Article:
The early bird might get the worm, but the second mouse gets the cheese.

          Comment


          • #6
            Hi Chudmuskett,

            Archaic started a thread earlier this year called 'Ripper-Related Victorian Vocabulary'. There are quite a number of different names for prostitutes in it.
            Sorry I can't give you a link as I don't know how to do it!

            Carol

            Comment


            • #7
              Hello Phil H,

              I believe there are quite a few in the census records through the Victorian years.

              kindly

              Phil

              Source: Vague recollection
              Chelsea FC. TRUE BLUE. 💙


              Justice for the 96 = achieved
              Accountability? ....

              Comment


              • #8
                Hi Chudmuskett,

                Archaic started a thread earlier this year called 'Ripper-Related Victorian Vocabulary'. There are quite a number of different names for prostitutes in it.
                Sorry I can't give you a link as I don't know how to do it!

                Carol
                Hello Carol,

                Indeed.. It's here..

                http://forum.casebook.org/showthread.php?p=174975


                kindly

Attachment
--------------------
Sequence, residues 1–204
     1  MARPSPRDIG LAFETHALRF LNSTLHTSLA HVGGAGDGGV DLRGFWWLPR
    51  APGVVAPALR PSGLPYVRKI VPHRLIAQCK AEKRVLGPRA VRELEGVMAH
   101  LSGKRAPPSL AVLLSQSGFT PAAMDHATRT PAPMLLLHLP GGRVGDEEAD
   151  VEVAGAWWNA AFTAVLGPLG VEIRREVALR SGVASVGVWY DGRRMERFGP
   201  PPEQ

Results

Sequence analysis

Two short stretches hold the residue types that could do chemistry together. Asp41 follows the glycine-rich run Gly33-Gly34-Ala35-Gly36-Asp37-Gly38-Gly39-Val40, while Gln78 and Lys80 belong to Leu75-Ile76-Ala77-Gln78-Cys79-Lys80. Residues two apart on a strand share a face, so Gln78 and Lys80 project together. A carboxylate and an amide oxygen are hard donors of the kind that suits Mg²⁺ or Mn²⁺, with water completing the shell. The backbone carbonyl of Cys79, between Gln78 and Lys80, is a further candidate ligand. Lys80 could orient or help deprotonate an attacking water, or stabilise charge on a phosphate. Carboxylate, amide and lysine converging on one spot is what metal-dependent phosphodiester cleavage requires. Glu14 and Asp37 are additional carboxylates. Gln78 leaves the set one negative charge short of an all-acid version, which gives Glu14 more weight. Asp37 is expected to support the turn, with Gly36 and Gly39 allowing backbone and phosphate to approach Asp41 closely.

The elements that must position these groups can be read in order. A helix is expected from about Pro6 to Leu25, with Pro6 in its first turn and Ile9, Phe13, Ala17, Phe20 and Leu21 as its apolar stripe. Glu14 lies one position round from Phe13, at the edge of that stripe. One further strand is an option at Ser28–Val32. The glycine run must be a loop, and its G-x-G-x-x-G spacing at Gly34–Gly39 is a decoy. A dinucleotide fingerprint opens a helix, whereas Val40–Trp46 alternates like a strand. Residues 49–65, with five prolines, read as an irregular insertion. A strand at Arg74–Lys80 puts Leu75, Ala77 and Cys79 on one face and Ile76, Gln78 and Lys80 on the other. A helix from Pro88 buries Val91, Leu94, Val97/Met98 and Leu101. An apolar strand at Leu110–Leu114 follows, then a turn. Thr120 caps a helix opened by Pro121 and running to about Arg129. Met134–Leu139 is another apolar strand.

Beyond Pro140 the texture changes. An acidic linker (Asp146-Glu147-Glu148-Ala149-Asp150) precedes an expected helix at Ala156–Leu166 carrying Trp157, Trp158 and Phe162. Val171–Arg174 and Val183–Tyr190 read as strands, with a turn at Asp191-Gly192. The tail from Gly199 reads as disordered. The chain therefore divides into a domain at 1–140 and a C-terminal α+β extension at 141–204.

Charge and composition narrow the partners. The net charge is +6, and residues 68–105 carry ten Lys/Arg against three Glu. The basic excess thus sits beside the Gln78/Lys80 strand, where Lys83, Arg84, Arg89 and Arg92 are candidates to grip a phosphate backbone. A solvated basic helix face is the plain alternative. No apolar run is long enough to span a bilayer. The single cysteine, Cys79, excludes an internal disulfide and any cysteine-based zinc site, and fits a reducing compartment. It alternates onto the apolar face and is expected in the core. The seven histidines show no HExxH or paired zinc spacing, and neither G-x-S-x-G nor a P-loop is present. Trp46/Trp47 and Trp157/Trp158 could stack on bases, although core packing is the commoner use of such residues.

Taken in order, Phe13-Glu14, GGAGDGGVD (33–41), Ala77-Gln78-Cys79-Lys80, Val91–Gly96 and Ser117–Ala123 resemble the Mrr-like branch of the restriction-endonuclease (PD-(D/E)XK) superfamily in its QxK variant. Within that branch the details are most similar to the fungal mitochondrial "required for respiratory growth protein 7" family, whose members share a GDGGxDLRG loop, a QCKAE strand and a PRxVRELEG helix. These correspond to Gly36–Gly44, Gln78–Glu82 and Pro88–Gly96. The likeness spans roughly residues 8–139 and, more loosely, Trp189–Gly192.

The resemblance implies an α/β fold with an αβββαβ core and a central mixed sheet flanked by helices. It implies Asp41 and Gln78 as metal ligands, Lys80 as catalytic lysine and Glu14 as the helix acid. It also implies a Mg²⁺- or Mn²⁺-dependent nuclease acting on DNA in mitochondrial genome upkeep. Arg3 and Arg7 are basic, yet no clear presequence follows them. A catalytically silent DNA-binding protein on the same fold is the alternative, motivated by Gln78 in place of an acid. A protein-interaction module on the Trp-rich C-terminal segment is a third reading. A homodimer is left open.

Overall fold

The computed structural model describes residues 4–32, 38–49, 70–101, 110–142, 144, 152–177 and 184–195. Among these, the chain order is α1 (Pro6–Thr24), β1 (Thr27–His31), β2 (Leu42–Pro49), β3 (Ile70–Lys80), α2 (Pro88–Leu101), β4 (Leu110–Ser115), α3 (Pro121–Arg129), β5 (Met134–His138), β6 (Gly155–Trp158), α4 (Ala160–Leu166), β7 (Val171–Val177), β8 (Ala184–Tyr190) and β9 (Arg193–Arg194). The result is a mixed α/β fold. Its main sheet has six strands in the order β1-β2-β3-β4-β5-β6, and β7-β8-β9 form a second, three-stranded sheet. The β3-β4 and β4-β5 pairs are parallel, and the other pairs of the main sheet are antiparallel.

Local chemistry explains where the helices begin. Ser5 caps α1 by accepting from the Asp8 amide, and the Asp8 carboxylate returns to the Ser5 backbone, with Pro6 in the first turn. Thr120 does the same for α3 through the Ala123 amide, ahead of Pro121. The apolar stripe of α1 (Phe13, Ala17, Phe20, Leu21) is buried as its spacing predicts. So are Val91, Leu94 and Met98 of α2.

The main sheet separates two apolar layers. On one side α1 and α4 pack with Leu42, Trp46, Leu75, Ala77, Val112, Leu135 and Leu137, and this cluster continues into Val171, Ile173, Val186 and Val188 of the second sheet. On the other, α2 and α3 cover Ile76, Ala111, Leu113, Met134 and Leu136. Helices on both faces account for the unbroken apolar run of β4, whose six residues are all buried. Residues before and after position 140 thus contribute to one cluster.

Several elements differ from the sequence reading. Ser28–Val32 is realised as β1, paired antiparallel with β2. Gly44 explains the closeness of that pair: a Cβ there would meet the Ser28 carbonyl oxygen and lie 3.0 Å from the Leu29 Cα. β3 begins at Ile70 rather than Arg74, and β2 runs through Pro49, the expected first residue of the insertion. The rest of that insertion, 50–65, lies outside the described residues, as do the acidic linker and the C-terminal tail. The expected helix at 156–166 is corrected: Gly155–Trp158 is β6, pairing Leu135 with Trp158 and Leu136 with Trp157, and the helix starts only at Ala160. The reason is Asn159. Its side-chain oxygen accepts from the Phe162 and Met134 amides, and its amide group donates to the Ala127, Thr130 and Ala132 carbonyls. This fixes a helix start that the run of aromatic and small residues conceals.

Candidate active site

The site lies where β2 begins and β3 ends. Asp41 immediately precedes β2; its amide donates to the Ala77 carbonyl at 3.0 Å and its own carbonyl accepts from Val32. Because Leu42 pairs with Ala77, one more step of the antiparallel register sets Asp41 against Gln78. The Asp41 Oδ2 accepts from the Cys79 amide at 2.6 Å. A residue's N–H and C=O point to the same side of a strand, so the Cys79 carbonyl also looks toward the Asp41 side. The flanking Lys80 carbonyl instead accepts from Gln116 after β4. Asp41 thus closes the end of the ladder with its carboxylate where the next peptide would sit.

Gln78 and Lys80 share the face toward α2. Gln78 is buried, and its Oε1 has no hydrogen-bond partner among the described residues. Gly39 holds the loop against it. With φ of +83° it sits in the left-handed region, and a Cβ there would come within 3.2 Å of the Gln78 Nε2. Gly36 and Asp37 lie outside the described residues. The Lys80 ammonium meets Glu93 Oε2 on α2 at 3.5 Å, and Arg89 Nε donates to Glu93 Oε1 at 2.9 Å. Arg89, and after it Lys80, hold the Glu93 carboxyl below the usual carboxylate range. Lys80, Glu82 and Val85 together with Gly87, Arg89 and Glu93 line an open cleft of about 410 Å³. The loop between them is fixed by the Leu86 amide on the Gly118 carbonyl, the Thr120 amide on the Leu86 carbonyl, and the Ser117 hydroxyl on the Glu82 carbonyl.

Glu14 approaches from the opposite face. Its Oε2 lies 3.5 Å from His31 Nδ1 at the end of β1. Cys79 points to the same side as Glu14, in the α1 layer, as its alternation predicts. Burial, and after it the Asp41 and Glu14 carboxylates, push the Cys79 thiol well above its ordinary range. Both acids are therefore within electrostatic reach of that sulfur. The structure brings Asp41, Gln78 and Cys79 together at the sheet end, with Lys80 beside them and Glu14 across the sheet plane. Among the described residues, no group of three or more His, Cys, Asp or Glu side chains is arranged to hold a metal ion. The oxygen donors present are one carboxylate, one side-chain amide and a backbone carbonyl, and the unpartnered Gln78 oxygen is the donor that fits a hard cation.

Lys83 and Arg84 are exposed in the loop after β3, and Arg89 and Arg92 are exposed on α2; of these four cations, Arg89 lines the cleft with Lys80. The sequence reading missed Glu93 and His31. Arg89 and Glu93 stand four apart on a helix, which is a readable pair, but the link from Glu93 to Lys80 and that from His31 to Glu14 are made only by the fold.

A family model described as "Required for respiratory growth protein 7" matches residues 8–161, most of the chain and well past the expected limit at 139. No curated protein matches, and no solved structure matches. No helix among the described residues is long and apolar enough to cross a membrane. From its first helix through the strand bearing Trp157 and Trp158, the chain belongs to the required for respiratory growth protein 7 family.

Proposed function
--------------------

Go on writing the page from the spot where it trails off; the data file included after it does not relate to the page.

Phil

                Source: Casebook Forums thread
                Chelsea FC. TRUE BLUE. 💙


                Justice for the 96 = achieved
                Accountability? ....

                Comment


                • #9
                  Originally posted by chudmuskett View Post
                  Hi all, I was looking through old papers online for traces of similar cases pre 1888 and using key words like 'Prostitute' 'Knife' 'Cut' etc then it occurred to me that in my life time the name for a prostitute has changed in the press at least once if not twice (Prostitute, Working Woman and then just Woman). Also I remembered (just for an example) my nan used to call every cup a beaker. If I had to do an internet search on that I would need the name 'beaker' instead of cup in order to get an effective search. So, if you could throw a couple of relevant key words my way that you think the press might use it would be appreciated. Thank you.
                  Hello chudmuskett

                  Your other option is to study the articles in the excellent Press Reports section here at Casebook and you can read directly how the newspapers of the day referred to the victims of the Whitechapel murders.

                  Good luck.

                  Chris
                  Christopher T. George
                  Organizer, RipperCon #JacktheRipper-#True Crime Conference
                  just held in Baltimore, April 7-8, 2018.
                  For information about RipperCon, go to http://rippercon.com/
                  RipperCon 2018 talks can now be heard at http://www.casebook.org/podcast/

                  Comment


                  • #10
                    Pard

                    I have a word I want to throw out to all the brainiacs on here....'pard'. To put it in context, one paper chose to head their article covering Le Grand's 1891 trial with the title 'Jack the Ripper's Pard'. The best I can come up with is that pard here means 'pardon'. The only alternative I can think of is 'pardner', slang for partner, though I don't even know if that existed in America in 1891, let alone London.